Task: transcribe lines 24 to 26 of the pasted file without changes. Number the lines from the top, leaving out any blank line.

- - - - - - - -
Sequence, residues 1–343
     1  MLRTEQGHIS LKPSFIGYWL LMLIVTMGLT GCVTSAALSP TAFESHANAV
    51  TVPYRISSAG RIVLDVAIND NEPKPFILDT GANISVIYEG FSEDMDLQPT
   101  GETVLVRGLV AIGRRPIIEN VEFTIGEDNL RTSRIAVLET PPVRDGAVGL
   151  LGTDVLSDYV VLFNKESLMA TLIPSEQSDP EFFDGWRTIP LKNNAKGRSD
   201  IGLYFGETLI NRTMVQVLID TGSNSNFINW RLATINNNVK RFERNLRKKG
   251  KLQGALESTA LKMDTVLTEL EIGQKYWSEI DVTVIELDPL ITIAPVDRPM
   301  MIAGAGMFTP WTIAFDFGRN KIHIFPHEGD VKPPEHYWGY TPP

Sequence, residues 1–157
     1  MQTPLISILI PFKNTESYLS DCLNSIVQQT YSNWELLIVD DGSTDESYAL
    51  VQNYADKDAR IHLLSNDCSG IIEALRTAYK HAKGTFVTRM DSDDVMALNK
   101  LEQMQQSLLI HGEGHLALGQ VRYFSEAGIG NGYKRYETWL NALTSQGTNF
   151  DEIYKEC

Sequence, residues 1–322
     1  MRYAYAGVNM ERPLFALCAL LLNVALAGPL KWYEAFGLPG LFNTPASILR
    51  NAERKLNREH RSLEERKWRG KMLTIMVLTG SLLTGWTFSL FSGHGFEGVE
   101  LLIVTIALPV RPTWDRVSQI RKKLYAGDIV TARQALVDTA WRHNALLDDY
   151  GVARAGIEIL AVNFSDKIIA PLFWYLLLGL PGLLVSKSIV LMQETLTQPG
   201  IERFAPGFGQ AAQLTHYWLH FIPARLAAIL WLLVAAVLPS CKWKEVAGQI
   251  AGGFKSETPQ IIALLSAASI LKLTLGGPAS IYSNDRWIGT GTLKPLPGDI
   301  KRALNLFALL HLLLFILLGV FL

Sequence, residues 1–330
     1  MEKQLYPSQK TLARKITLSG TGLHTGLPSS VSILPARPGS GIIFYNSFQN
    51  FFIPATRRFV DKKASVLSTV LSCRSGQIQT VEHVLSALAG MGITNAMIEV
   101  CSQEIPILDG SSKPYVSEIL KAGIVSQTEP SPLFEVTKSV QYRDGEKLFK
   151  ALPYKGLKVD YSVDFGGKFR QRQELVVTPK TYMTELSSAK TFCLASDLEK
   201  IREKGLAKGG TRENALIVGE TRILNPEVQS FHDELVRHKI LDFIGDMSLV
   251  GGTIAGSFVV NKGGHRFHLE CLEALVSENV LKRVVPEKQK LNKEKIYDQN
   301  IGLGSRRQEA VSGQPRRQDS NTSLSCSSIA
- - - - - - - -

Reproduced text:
    51  FFIPATRRFV DKKASVLSTV LSCRSGQIQT VEHVLSALAG MGITNAMIEV
   101  CSQEIPILDG SSKPYVSEIL KAGIVSQTEP SPLFEVTKSV QYRDGEKLFK
   151  ALPYKGLKVD YSVDFGGKFR QRQELVVTPK TYMTELSSAK TFCLASDLEK